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A view on Blu-ray by Gary W. Tooze

This is Cinerama [Blu-ray]

 

(Merian C. Cooper, Gunther von Fritsch, Ernest B. Schoedsack, Michael Todd Jr., 1952)

 

 

Review by Gary Tooze

 

Production:

Theatrical: Cinerama Productions Corp.

Video: Flicker Alley

 

Disc:

Region: FREE (as verified by the Momitsu region FREE Blu-ray player)

Runtime: 2:03:32.404

Disc Size: 42,708,381,932 bytes

Feature Size: 31,598,653,440 bytes

Video Bitrate: 29.98 Mbps

Chapters: 18

Case: Standard Blu-ray case

Release date: September 24th, 2011

 

Video:

Aspect ratio: 2.00:1 matted for SmileBox

Resolution: 1080p / 23.976 fps

Video codec: MPEG-4 AVC Video

 

Audio:

DTS-HD Master Audio English 1938 kbps 5.1 / 48 kHz / 1938 kbps / 16-bit (DTS Core: 5.1 / 48 kHz / 1509 kbps / 16-bit / DN -4dB)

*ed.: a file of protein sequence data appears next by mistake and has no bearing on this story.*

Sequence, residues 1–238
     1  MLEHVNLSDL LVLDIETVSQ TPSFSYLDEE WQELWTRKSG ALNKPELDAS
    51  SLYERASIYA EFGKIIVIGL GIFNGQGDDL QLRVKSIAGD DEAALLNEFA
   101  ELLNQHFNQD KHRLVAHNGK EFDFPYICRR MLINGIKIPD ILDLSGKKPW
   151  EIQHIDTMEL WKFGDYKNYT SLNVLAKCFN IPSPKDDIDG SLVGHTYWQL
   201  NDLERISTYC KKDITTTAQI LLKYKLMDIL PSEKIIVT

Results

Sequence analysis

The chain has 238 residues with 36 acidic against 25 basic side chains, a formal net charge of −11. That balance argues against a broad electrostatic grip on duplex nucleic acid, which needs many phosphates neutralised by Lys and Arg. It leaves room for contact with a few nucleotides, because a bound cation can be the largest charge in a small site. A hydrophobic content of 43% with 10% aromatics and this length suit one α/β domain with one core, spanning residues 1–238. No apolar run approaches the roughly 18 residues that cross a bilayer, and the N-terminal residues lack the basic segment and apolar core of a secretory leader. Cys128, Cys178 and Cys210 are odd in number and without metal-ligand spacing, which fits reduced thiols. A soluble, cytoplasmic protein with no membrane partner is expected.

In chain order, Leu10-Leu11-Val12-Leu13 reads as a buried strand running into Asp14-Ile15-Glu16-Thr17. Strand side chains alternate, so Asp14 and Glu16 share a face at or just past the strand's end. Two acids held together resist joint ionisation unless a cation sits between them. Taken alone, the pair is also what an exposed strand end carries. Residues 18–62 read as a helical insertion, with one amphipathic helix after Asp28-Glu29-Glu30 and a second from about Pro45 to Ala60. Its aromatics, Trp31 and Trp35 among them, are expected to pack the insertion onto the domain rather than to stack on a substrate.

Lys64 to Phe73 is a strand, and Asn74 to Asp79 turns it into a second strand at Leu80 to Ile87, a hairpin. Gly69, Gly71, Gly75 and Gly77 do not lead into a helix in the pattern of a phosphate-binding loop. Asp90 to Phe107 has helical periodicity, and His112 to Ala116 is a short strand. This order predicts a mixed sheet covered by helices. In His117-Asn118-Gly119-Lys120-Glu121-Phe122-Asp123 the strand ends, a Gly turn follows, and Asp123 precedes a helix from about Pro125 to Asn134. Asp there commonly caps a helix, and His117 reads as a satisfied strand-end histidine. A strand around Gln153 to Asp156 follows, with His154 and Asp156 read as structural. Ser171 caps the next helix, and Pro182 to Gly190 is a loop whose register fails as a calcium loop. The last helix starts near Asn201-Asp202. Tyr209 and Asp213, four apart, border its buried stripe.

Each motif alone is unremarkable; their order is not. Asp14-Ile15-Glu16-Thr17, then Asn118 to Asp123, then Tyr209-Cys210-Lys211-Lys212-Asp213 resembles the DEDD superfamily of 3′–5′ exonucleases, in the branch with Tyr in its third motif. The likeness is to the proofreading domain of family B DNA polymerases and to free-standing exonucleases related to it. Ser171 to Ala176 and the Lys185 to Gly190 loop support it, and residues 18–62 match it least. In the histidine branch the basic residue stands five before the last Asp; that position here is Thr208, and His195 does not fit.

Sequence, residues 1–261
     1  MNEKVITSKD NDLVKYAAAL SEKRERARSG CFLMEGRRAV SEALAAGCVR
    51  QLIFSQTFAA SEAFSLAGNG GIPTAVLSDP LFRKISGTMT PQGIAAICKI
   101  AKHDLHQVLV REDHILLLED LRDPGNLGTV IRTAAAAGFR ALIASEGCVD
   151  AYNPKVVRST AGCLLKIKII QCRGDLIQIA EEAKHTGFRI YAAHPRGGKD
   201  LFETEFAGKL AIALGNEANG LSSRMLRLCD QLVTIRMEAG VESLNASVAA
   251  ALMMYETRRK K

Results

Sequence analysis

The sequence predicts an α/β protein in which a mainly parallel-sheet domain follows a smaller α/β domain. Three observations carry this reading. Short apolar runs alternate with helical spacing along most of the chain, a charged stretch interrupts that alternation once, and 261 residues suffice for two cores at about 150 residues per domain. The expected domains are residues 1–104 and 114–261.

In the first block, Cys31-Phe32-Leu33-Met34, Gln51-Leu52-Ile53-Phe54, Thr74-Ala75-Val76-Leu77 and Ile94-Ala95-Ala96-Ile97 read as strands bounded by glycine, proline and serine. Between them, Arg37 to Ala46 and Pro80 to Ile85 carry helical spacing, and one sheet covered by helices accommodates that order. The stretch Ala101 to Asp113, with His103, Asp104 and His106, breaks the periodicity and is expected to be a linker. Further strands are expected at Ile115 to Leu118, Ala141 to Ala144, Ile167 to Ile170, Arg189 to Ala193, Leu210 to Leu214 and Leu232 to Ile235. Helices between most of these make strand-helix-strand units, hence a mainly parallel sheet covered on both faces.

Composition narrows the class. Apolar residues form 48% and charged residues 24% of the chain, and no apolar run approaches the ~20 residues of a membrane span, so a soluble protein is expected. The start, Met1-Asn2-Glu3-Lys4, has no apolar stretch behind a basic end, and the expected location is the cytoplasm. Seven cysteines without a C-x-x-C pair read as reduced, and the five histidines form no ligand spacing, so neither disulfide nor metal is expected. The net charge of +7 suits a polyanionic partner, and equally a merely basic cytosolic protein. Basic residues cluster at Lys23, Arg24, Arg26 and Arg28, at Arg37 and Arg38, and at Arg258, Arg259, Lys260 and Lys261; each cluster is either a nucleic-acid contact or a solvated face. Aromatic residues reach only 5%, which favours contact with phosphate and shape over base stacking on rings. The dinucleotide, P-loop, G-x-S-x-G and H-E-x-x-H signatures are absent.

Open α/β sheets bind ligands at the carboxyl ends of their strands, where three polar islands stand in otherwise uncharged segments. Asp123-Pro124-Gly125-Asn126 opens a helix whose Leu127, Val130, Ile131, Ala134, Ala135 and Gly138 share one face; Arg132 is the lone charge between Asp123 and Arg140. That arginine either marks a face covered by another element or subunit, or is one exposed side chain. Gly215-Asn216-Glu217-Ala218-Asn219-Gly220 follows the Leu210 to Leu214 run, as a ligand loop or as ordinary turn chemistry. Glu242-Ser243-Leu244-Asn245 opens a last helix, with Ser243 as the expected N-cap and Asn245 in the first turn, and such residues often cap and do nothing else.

Dolby Digital Audio English 192 kbps 2.0 / 48 kHz / 192 kbps / DN -4dB
Commentary: Dolby Digital Audio English 192 kbps 2.0 / 48 kHz / 192 kbps / DN -4dB

 

Subtitles:

None

 

Extras:

Audio commentary track: With John Sittig (Cinerama, Inc.), Dave Strohmaier (Cinerama Historian), Randy Gitsch (Locations background), and Jim Morrison (original crew member).
Remastering A Widescreen Classic: Before and after demonstrations on the film's remastering
(19:01)
The THIS IS CINERAMA "Breakdown Reel": Footage originally projected interstitially during the interruptions of any Cinerama performance - 5 min./B&W (4:52)
Alternate Act II European Opening: 2 min./Color (1:47)
Fred Waller Radio Interview: A slideshow featuring an original 1952 radio interview with Fred Waller on the eve of opening night - (15:30)
This Is Cinerama Trailer: A new recreation in HD of the film's trailer - (3:18)
TV Spots: THIS IS CINERAMA and 7 WONDERS OF THE WORLD - 1 min. each
Tribute to the New Neon Movies: A short film celebrating the Cinerama revival in Dayton, OH from 1996 to 1999, where a local projectionist set up Cinerama for special screenings to people from all over the country - (13:57)
Tribute to the New Cooper Theatre: Remembering the first Super Cinerama in Denver, CO - (2:58)
Promotion and Publicity Image Gallery

 

Bitrate: